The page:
That kind of long-term thinking, openness to new ideas, acceptance of risk, and desire to tackle the biggest and thorniest challenges are behind Khosla’s decision to invest in Commonwealth Fusion Systems, the private company established last year to develop and commercialize some major advances in fusion power plant technology that MIT researchers have developed. After thoroughly studying the plans, Khosla became an early supporter, convinced of its potential to make dramatic changes in the world’s energy supplies and in the battle to limit climate change.
Another venture he is supporting involves exploring ways to change the chemistry of cement in a way that would incorporate carbon dioxide into the material’s structure. The result would reduce greenhouse gas emissions and, by adding a ton of carbon dioxide to a ton of cement, “you essentially double the amount of cement,” he said.
Khosla at one point left his various businesses behind to spend time at the Santa Fe Institute in New Mexico, studying subjects completely outside his experience. Along the way, after studying how complex climate models were developed, he became convinced that a major transformation in medicine would be coming soon — a kind of AI and robotics-based medicine that would, for example, be better at keeping up with the ever-growing medical literature.
Speaking of that break from his normal work life, he said, “I highly encourage everybody to change fields often enough to enhance your thinking. Diversity of experiences helps in a real way in influencing conceptual models.”
People in the restaurant industry know a thing or two about execution. High operating costs, low profit margins, and the perishable nature of every establishment’s most important resource — food — make it essential to get things done with speed and efficiency.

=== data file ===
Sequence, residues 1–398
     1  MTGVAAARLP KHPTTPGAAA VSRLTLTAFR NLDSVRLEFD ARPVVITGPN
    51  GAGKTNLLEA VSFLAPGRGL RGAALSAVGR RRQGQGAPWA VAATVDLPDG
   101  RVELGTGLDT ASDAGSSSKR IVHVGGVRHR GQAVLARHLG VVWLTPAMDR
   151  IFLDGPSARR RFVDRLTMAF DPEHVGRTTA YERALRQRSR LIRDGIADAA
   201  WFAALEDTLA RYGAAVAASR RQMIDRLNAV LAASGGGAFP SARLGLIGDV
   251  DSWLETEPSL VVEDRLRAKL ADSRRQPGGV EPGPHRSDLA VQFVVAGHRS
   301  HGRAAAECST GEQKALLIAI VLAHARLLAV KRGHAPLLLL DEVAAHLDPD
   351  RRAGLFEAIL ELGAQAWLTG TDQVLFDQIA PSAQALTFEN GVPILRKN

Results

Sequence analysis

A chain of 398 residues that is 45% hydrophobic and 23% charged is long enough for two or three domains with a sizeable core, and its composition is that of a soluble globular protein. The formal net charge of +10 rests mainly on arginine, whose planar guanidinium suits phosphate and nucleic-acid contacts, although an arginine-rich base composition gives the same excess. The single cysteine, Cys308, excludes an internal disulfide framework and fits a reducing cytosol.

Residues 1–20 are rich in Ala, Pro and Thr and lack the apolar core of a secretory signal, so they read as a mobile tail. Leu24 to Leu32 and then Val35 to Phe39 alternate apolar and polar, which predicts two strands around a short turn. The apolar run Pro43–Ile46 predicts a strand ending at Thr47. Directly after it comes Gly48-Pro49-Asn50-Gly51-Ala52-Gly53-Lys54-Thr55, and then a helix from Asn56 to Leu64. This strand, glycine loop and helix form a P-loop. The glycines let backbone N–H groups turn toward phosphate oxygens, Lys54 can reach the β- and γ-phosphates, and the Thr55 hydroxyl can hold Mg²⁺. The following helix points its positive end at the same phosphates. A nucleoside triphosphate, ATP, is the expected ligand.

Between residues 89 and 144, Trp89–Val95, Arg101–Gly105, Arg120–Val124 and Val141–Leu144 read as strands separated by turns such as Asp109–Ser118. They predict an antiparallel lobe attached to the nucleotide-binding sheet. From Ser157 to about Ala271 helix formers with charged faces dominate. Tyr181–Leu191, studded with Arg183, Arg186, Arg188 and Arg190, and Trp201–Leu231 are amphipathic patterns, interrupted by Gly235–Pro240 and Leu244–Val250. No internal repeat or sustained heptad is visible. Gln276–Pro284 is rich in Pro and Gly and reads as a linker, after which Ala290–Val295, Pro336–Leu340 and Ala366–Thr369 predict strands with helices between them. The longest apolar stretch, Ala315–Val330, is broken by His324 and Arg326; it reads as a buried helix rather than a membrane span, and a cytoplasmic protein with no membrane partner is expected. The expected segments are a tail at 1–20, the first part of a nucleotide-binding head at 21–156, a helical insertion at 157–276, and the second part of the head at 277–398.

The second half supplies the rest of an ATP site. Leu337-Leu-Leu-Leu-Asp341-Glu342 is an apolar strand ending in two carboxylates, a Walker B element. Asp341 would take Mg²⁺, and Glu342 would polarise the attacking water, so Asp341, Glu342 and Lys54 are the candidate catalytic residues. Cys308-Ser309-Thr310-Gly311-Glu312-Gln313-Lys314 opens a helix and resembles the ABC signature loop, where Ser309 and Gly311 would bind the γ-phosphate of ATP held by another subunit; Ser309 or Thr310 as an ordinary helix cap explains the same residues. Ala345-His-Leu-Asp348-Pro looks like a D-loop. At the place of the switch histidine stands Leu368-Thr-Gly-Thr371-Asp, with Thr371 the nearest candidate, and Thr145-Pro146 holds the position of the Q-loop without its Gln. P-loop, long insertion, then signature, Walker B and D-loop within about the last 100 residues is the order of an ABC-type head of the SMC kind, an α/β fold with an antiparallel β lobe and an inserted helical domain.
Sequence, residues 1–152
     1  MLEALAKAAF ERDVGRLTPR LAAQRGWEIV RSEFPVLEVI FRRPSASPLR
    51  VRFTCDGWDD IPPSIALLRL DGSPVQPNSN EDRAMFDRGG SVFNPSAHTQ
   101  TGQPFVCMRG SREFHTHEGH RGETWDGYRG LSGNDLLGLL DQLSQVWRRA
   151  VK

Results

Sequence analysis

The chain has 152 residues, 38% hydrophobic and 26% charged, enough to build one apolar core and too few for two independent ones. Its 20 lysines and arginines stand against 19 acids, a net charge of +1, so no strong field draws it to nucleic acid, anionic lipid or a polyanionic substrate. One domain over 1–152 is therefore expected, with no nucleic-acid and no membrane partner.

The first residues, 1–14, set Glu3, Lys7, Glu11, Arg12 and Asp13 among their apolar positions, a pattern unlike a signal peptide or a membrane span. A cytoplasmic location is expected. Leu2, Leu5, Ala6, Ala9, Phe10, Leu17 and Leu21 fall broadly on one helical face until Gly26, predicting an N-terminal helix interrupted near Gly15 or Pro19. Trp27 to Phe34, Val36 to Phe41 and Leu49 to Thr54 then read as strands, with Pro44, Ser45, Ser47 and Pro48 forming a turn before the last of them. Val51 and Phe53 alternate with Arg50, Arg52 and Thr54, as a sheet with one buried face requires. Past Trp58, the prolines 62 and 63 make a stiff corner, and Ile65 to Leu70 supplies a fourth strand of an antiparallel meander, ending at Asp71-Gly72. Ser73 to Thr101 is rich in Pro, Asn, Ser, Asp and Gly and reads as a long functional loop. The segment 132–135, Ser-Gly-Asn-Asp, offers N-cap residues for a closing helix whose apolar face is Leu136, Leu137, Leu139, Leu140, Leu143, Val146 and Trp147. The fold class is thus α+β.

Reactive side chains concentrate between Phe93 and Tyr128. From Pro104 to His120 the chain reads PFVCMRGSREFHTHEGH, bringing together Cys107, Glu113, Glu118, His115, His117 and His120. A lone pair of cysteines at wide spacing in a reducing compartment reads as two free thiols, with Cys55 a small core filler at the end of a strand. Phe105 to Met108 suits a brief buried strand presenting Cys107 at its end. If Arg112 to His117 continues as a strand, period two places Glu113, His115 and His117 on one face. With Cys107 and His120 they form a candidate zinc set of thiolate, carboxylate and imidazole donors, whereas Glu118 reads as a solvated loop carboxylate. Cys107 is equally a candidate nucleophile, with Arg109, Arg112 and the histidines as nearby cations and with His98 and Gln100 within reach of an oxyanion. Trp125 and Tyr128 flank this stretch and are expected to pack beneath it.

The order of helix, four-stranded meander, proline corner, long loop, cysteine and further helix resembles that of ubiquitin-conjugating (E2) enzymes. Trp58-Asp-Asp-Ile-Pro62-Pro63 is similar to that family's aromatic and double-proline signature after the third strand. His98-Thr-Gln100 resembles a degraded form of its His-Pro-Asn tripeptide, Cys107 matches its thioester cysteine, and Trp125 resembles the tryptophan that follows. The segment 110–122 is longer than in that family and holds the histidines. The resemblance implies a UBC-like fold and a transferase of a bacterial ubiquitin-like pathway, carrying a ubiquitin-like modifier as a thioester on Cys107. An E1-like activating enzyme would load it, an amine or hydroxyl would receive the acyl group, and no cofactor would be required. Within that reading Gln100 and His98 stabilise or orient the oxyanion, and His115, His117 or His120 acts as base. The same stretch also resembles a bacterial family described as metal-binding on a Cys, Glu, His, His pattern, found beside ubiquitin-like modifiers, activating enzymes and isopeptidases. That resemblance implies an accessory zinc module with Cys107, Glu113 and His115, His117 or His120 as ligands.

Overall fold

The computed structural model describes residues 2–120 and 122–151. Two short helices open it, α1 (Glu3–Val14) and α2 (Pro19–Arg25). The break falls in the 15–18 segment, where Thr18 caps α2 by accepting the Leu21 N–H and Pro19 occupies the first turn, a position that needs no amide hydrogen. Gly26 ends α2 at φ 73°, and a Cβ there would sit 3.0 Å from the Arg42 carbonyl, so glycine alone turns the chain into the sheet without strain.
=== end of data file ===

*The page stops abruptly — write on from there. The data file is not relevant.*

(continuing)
It’s no surprise, then, that the startup Toast has found success developing technology to streamline restaurant operations. Since its launch in 2013, Toast has been building on its original point of sale (POS) software to address each step in the process of getting an order from a customer to the kitchen and back again. Today, the company offers hardware and software solutions including a kitchen display system for cooks, tablet-based and handheld POS devices for waitstaff, payroll and analytics features for managers, and online ordering and delivery options for customers.
The POS space includes some large, well-funded companies, but Toast founders Aman Narang ’04 SM ’06, Jonathan Grimm ’07, and Steve Fredette ’06 have stayed focused on the customer and tried to make developing impactful solutions the focal point of everything they do.
That customer-focused mindset has worked: In 2017, Deloitte named Toast the third-fastest-growing technology company in the country, reporting revenue growth over 30,000 percent between 2013 and 2016.
Fredette says they didn’t realize how special their company was until their fundraising round last year, when Toast was valued at $1.4 billion.
“Once we started talking to investors who had compared our metrics to our competitors and seen the whole market, it started to become clear we were doing things differently,” Fredette says. “We’ve had a level of customer success that is much higher, I think, than what others have had. … I think a lot of that ultimately comes down to good execution.”
Just don’t congratulate the founders quite yet. Even now, Fredette says the company is in growth mode, and he still talks about the business like it’s a scrappy startup. That’s a useful way of looking at things if you want to be a market leader in the restaurant industry, which was projected to do more than $800 billion in sales in the U.S. last year. It’s also a perspective that was partially borne out of the founders’ experience at MIT.